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Some Kentucky ex-felons granted voting rights

FRANKFORT, Ky. -- About 15 years ago, Mantell Stevens spent 30 days in jail for drug possession. He has not been able to vote since then.

The 36-year-old Lexington resident pleaded guilty to a felony, which means he lost his right to vote under the state constitution. And because Kentucky was one of four states that did not automatically restore people's voting rights once their sentences were completed, Stevens never got it back.

On Tuesday, an executive order from Democratic Gov. Steve Beshear changed that. His order will automatically restore the voting rights of people convicted of certain felonies as long as they meet specific criteria.

"Being able to participate in democracy and being able to vote for elected officials is so important," said Stevens, one of an estimated 180,000 Kentuckians who are out of prison but cannot vote because of their felony convictions. "I think I'm able to possibly elect some officials that might help better my community."

Beshear's order does not apply to anyone convicted of bribery, treason, violent crimes, or sex crimes. It does not apply to people who have other pending charges or arrests. And it does not apply to those who have been released from prison but have not paid their court-ordered restitution.

The Department of Corrections will review people once they are released from prison and automatically restore their voting rights if they meet the criteria. For people who are already out of prison, they must get a form from their parole officers or download it from the Department of Corrections' website to begin the review.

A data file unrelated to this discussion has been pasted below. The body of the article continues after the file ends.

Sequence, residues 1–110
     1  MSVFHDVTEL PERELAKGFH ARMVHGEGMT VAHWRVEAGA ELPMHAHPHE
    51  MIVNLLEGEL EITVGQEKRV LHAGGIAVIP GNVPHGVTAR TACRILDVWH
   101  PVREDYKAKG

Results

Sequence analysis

Of those who are already out of prison, it's not clear how many will qualify. But Beshear, who leaves office next month, said it's safe to put the number at more than 100,000 people.

"This disenfranchisement makes no sense ... because it dilutes the energy of democracy, which functions only if all classes and categories of people have a voice, not just the privileged, powerful few," Beshear said.

Kentucky's constitution requires convicted felons to lose their rights to vote, hold public office, own a gun or serve on a jury. Beshear's order will restore the rights to vote and hold public office. Beshear said his lawyers told him the only way for a felon to be able to own a gun would be to receive a full pardon from the governor.

Before 2008, felons had to apply to the governor's office to restore their voting rights. The application included paying a fee, writing an essay and providing three character references. Beshear eliminated those requirements when he took office, but felons still had to apply to his office and be considered on a case-by-case basis.

The state legislature has tried and failed to pass a constitutional amendment, which would have required a public vote, to automatically restore voting rights. But Beshear has issued several executive orders do things the state legislature has not done. He used an executive order to create a state health exchange and expand Kentucky's Medicaid program under the federal Affordable Care Act. In June, Beshear raised the minimum wage to $10.10 an hour for some executive branch state employees.

Beshear will be replaced by Republican Gov.-elect Matt Bevin, who could repeal Beshear's order. Spokeswoman Jessica Ditto said Bevin supports restoring voting rights to nonviolent offenders but she added that he was not notified of Beshear's order until a few minutes before he announced it.

"The executive order will be evaluated during the transition period," she said.

Republican State Rep. Jeff Hoover, the minority floor leader of the state House of Representatives, said he supports restoring voting rights to convicted felons but opposes Beshear's method.

"It should be the role of the legislature, not one person, which should address these issues through legislative debate," Hoover said in a news release.

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